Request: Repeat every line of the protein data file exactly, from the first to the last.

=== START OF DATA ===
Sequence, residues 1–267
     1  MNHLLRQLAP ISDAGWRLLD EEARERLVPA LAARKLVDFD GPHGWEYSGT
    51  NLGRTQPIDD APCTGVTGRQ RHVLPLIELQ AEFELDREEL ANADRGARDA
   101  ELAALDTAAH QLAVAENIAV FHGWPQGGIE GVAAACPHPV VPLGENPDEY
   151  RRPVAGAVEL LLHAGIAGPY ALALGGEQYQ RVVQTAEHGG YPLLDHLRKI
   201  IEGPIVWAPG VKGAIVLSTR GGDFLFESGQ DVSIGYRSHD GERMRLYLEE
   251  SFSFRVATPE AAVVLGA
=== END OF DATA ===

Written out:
Sequence, residues 1–267
     1  MNHLLRQLAP ISDAGWRLLD EEARERLVPA LAARKLVDFD GPHGWEYSGT
    51  NLGRTQPIDD APCTGVTGRQ RHVLPLIELQ AEFELDREEL ANADRGARDA
   101  ELAALDTAAH QLAVAENIAV FHGWPQGGIE GVAAACPHPV VPLGENPDEY
   151  RRPVAGAVEL LLHAGIAGPY ALALGGEQYQ RVVQTAEHGG YPLLDHLRKI
   201  IEGPIVWAPG VKGAIVLSTR GGDFLFESGQ DVSIGYRSHD GERMRLYLEE
   251  SFSFRVATPE AAVVLGA